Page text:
January 4, 2012, 10:13 PM
That is the copyright date of the oldest reloading manual I own.

It is the 45th edition of the Lyman Reloading Handbook.

It was the first reloading manual I purchased. I started reloading in 1974, it just happened to be the book I picked.

What is the oldest reloading manual you own?

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Dr.Mall Ninja
January 4, 2012, 10:32 PM
I have a 1944 Gun Digest its the first year it was printed.... Its not about reloading but an old book anyway.

Kevin Rohrer
January 4, 2012, 10:33 PM
I own all issues of Handloader magazine, the first being released in 1966.

The 1953 edition of Sharpe, as well as a copy of the Wolf Publishing reprint.


January 4, 2012, 10:56 PM
I also have the entire collection of Handloader Magazine, in binders. I started in 1963, so I'll have to go down in the shop and look at the dates on some of my original manuals.


January 4, 2012, 10:56 PM
Reloading manual = 1962 Speer, 1964? Hornady, similiar age Hodgdon & Alcan powder data pamphlet or five.

Oldest gun catalog = 1955 Winchester catalog. (I was 10 or 11 when I got it at a Western Auto store in Iola KS)
Oldest gun books = Gun Digests and Shooters Bibles older then the oldest Republican candidate at the Iowa caucus yesterday.

But right now, my hip hurts too bad to go down stairs and see what the oldest one is.


January 4, 2012, 11:03 PM
I have several old Ideal reloading manuals. Oldest is 1948 IIRC. There are a lot of the old tools in there and they show how to use them.:D I like some of the articles on how to load things like paper and metallic shotshells. I also use the old manuals to finish up the old cans of propellant that I will find here and there. BTW all the old propellant has worked OK for me so far.:D

Kevin Rohrer
January 5, 2012, 09:04 AM
Dr. Mall: what is in your 1944 Digest? I am guessing that there were no new guns for sale then just as new cars weren't available for civilian purchase.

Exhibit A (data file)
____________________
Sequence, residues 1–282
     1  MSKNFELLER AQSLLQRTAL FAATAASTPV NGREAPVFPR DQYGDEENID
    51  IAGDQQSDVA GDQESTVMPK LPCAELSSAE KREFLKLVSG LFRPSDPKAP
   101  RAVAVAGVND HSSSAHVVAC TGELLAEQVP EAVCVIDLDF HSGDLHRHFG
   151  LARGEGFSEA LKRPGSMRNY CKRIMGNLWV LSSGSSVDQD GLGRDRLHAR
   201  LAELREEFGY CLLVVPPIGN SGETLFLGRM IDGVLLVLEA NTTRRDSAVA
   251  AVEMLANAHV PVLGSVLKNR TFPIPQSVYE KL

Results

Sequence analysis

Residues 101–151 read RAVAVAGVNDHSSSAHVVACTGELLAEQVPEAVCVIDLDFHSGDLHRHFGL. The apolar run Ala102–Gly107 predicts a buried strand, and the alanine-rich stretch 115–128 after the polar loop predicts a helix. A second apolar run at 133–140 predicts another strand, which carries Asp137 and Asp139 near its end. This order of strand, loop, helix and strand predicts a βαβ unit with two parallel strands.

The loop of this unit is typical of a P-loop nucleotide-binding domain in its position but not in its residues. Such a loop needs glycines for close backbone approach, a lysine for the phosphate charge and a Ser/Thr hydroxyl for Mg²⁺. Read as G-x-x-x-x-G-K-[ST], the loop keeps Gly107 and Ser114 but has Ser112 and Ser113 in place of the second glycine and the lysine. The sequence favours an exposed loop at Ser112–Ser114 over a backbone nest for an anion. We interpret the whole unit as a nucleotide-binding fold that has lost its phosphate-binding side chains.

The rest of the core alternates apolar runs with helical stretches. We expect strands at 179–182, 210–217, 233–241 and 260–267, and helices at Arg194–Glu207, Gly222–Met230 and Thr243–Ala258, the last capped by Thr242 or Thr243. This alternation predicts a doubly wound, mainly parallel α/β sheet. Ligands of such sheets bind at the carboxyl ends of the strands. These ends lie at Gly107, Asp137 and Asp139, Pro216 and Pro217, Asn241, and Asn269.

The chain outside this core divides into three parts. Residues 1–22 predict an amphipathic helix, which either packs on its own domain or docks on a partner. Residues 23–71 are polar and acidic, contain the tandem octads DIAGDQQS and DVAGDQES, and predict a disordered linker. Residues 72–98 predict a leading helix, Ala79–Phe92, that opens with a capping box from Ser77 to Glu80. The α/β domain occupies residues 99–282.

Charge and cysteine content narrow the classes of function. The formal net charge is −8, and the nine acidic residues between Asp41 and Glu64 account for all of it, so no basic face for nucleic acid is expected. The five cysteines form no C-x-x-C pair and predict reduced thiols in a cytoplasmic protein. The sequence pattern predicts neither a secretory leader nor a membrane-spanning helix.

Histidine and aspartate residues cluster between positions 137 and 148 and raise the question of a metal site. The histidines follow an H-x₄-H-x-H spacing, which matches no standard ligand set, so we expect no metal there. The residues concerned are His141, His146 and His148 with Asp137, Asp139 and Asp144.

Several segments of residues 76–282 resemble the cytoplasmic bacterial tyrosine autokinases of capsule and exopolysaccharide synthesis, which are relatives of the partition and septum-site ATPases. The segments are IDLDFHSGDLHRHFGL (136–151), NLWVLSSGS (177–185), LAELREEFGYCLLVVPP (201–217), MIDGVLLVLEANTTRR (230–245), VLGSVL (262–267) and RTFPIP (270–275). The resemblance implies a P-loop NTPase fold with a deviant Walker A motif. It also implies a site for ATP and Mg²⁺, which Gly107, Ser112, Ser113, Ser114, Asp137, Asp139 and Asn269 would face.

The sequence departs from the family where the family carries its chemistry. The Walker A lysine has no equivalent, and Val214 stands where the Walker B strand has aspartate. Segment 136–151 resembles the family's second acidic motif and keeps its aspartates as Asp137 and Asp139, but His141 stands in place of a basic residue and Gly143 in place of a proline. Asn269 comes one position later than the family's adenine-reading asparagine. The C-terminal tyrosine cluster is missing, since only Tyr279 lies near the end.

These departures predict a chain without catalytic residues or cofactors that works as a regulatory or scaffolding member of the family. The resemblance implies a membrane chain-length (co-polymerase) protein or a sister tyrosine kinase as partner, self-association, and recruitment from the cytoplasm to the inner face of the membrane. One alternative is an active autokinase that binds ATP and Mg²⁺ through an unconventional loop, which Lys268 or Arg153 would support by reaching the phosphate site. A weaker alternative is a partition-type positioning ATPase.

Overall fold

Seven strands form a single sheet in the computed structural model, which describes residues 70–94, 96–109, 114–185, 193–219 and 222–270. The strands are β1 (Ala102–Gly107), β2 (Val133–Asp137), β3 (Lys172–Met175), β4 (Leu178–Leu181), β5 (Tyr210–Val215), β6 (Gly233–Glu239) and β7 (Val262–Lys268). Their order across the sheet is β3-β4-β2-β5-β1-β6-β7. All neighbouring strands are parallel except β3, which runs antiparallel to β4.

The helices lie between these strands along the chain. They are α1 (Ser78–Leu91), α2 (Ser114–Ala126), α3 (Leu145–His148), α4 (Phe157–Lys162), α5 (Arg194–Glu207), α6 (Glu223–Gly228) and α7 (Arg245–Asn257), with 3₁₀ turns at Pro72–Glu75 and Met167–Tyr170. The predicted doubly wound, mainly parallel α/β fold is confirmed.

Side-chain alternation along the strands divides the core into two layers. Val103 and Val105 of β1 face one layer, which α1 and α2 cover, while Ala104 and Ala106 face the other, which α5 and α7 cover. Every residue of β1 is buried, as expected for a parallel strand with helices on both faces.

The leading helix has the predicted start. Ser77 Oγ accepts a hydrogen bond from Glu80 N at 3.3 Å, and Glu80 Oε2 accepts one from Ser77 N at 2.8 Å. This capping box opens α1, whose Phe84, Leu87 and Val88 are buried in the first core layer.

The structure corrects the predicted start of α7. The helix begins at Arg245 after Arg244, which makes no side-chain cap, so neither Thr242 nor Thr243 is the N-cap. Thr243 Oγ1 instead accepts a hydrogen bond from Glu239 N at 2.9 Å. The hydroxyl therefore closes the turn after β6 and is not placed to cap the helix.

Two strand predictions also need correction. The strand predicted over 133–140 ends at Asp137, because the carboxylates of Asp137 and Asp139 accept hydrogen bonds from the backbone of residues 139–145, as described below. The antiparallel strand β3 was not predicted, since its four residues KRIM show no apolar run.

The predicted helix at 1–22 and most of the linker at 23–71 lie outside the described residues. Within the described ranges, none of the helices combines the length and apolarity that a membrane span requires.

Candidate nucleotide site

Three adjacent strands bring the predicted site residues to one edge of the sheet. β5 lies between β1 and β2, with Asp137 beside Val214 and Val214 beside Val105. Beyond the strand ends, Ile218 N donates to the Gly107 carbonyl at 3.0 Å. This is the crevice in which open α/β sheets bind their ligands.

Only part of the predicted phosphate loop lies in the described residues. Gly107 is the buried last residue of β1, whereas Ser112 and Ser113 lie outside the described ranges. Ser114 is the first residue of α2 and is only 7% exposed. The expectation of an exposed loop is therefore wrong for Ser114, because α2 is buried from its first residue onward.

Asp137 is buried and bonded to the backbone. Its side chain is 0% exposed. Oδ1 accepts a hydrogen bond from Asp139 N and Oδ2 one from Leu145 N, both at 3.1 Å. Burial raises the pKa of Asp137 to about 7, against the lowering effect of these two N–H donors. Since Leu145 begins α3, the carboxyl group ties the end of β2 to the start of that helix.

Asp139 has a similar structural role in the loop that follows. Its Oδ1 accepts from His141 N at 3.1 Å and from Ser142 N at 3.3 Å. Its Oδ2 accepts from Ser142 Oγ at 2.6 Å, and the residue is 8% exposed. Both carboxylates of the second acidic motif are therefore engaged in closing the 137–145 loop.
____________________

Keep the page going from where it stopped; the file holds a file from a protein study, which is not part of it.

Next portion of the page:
Dr.Mall Ninja
January 7, 2012, 08:40 PM
The cover looks like this

It covers basic things like how clean guns and basic shooting stances.
A chapter I really enjoy is when it covers the guns of the Allies and Axis powers, they seem kinda bias :D
It does list the prices of guns but has no instructions for ordering, talk about cheap guns....

Kevin Rohrer
January 8, 2012, 08:15 AM
I know that in 1944, 60% of manufacturing was for the war effort, and in that year, the writing was on the wall as to who would win and that percentage started to decline. However, civilian purchase of new cars didn't resume until 1946.

I wonder when military orders for arms were reduced to the point that they could begin building and selling to civilians.

Am guessing that powder and primers weren't available until early 1946, which I believe is when Mr. Hodgdon started his business by buying a freight car amount of 4895.

Does anyone have any specific info?

January 8, 2012, 10:26 AM
I have the following book from 1970:

Condensed Professional Loading of Rifle, Pistol, and Shotgun Cartridges Including Pressures and Velocities and Reloading Data for Gun and Ammunition Manufactures, Professional and Amateur Target Shooters, Game Hunters and Guides by George Leonard Herter.

If you think Lee promotes his products you should read this. Herter not only invented the BEST cartridge, etc., to kill elephants, tigers, and mice, but he invented the elephants, tigers, and mice themselves.:rolleyes:

January 8, 2012, 04:08 PM
I have my thumb eared 41st Edition of the Lyman Reloading Handbook.

It was published in 1957.

I got it later.

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